Reblogged under “scenes from my daily commute that I saw on the internets”. This spot is about 4 minutes from where I live.
Good shot, A-S.
rainy day in A …
For those of
us you with $4,000 to $6,000 burning a hole in your pocket, the Dude’s original Pendleton Woolen Mills cardigan is going up for auction this weekend in Beverly Hills.
Poorer, less cool versions of
you us are being advised to wait until September when Pendleton releases its “Dude Cardigan” tribute sweater, which should only set you back $188 and comes with its own “Make Your Own Kalua Stain” dye kit.
The Wizards unveiled their new look today, hearkening back to the red, white, and blue theme of the Bullets era. To say I’m a fan of the change would be a serious understatement, so I’ll add this: these uniforms are beautiful. As cliche as it sounds these days, the design team managed to take a classic uniform design and make it a contemporary kit that, as a completely biased observer, makes the Wizards one of the best-looking teams in the league. It’s clean, it’s patriotic, and it won’t do anything to help our league-worst 3-38 road record. But that’s ok because it’s clean and patriotic.
Also, Gheorghe Muresan is still hilariously tall.
Mr. Gisele Bundchen at the Kentucky
Derby Hat Party
Long reads: Ivy Style interview with Richard Press -
Absolutely a fantastic read if you want to know the history behind J.Press from the mouth of the man who used to be its president. So many interesting nuggets of information are stored away in this four-part interview, like this bit, when discussing the origins of the J.Press jacket “hook vent”:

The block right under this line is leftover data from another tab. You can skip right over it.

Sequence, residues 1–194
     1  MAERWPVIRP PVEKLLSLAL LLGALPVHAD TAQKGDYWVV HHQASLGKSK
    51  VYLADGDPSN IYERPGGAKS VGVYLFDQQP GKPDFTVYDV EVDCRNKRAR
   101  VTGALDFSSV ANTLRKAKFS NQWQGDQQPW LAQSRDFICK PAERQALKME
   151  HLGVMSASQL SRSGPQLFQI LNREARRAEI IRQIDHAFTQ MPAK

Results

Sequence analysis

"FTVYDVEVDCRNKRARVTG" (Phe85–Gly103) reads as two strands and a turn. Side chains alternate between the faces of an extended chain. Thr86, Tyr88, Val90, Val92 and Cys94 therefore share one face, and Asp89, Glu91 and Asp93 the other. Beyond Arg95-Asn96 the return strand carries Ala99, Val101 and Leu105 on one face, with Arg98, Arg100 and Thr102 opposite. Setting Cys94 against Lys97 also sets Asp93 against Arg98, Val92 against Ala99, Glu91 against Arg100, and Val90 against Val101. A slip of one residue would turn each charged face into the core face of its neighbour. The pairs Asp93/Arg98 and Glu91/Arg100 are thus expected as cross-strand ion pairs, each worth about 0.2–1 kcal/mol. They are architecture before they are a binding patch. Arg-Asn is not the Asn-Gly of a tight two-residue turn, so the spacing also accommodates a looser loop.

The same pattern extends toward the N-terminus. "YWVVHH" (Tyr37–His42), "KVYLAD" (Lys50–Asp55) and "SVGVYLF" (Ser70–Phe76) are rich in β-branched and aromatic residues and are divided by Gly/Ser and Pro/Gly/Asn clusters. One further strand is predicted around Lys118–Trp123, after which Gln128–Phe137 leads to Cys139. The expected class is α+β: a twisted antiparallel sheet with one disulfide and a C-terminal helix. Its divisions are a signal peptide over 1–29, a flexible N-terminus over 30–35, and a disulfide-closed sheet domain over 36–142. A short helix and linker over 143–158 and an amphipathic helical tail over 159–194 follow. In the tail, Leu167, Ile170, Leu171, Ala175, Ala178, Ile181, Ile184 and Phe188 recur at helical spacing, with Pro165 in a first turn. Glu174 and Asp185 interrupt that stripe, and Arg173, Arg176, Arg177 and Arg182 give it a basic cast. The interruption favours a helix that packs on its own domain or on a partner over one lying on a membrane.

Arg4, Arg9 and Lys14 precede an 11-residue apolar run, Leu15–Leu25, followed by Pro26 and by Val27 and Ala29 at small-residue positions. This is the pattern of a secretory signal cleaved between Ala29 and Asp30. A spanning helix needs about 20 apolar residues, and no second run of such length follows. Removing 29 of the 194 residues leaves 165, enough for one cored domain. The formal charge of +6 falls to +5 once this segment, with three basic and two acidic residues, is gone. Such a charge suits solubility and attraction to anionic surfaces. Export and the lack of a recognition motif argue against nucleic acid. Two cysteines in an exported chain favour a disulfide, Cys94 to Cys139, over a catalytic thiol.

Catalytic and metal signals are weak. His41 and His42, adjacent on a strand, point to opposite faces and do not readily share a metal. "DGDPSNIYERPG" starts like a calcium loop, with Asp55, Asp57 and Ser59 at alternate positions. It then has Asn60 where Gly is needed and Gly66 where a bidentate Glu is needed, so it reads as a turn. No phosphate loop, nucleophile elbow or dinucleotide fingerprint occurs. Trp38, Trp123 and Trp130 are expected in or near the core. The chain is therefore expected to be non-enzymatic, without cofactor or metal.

IS: And the hook vent?
RP: Up until World War II J. Press was primarily a custom tailor shop. But after the war Irving and Paul decided to manufacture readymade suits, but knew they had to differentiate themselves from competitors.
They noticed that with single-vented jackets, particularly if a guy had a big ass, the vent would separate and it was very unsightly looking. So they developed the hook vent in collaboration with our designer at the time, a survivor from Auschwitz named Felix Samelson who survived by being a tailor to SS officers, so he didn’t make any mistakes.
Press also talks about their competition with Brooks Brothers, moving away from a campus-only shop to an urban retailer and what he thinks of the new Japanese ownership.
I’ve never wished a man dead, but I have read some obituaries with great pleasure. — Mark Twain
This amazing list is required reading for new hires at a Salvation Army in Minnesota.
I read about it before I saw the list, and I was scared. It would be a bummer for me if the national thrift chains figured out which of their clothing was high-quality and charged accordingly.
Then I saw the list, and I knew I didn’t have to worry. At all. Even a little, eensy, weensy, teensy bit. I mean… wow. WOW.
Hand sewn spot fridays